Yahoo! 'gave e-mail details that helped jail Chinese writer'
Wednesday 07 September 2005
Shi Tao, who worked for the daily business publication Dangdai Shang Bao (Contemporary Business News) until he was arrested in November 2004, was sentenced to 10 years in prison last April, in a case underlining the stringent censorship regime which controls the Chinese media.
He was convicted of sending foreign-based websites the text of a "top secret" government message that had been sent to his newspaper. The text warned Chinese journalists of the dangers of social destabilisation and risks resulting from the return of certain dissidents on the 15th anniversary of the Tiananmen Square massacre.
According to Reporters Without Borders (RSF), the text of the verdict on Mr Shi indicated that Yahoo! willingly handed over details which enabled security service investigators to link the journalist's personal e-mail account to to the anonymous message.
The US multinational Yahoo! allows the Chinese version of its search engine to be censored - it bars any mention of the Free Tibet campaign, for example - and critics say it is willing to stifle free speech in order to gain access to the lucrative Chinese market.
In 2003, Yahoo! invested $120m to purchase a Chinese-owned search engine. 3721.com. More recently, it acquired a large stake in the internet giant Alibaba in an operation that reportedly cost nearly a billion dollars.
"Yahoo! obviously complied with requests from the Chinese authorities to furnish information regarding an IP address that linked Shi Tao to materials posted online, and the company will yet again simply state that they just conform to the laws of the countries in which they operate," RSF said.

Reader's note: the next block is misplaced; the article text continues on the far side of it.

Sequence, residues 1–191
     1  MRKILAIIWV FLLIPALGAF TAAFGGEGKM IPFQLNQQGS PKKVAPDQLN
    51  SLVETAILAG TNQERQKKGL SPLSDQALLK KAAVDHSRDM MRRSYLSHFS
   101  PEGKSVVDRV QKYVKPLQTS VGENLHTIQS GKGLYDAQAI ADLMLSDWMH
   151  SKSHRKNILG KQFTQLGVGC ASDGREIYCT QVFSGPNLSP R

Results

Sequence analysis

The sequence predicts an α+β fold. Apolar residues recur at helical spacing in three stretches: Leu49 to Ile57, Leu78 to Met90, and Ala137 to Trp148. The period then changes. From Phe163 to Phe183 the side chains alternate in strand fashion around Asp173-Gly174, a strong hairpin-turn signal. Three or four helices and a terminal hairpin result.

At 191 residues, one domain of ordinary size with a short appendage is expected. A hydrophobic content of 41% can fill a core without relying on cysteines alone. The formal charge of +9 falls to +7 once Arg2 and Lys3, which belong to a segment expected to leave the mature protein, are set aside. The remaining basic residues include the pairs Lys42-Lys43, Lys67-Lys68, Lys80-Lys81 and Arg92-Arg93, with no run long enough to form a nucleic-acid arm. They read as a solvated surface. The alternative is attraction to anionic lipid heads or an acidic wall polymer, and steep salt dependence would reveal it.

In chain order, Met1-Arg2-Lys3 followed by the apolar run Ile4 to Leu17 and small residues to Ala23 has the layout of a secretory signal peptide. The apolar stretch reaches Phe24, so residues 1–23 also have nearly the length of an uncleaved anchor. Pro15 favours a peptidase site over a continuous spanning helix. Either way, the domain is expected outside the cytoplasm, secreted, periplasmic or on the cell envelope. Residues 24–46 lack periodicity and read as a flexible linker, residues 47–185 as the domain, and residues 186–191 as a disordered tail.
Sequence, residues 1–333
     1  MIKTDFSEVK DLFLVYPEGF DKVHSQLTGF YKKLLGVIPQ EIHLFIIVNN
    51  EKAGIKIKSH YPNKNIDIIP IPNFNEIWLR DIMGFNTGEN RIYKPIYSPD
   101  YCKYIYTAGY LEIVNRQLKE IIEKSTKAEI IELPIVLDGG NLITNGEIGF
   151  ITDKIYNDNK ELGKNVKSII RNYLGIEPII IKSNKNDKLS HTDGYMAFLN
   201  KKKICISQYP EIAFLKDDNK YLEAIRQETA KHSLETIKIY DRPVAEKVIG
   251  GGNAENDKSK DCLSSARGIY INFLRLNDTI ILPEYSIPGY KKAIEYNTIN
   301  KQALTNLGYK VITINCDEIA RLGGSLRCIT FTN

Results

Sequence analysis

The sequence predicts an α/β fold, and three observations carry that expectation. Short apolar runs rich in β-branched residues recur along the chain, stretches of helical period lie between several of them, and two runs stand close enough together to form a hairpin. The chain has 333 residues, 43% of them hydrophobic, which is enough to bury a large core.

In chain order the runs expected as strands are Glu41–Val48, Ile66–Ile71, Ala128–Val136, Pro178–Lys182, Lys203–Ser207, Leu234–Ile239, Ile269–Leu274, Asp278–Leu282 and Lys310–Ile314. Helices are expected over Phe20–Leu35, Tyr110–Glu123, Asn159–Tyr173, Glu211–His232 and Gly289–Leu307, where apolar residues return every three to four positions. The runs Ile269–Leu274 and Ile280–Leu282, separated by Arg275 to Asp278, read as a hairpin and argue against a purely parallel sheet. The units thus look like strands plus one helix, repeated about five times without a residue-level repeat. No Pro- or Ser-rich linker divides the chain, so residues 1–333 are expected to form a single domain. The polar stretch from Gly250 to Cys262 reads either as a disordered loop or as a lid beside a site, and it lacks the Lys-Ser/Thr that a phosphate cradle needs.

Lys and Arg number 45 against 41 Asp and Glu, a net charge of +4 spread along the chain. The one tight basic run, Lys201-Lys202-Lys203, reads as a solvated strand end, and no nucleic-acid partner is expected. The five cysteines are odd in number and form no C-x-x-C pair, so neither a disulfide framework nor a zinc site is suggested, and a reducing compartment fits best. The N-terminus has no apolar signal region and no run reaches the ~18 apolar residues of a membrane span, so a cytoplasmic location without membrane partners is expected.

Mr Shi was sent to a prison in Changsha province, where he remains today, on the grounds that the information he made available was "Jue Mi" - a state secret. Mr Shi admitted he had sent a message from the authorities to foreign-based websites but denied it was compulsory to keep the document secret.
"Information supplied by Yahoo! led to the conviction of a good journalist who has paid dearly for trying to get the news out," RSF said. "It is one thing to turn a blind eye to Chinese government abuses but it is quite another thing to collaborate."
Yahoo! Hong Kong is subject to the domestic legislation of the former British colony, which does not spell out the responsibilities of companies in sensitive situations such as this. But it is reportedly common practice for e-mail and internet service providers to transmit information to the police about their clients when demanded by a court order.
RSF said it had written to Yahoo! to alert it to the "ethical issues raised by its Chinese investments" but there had been no reply.
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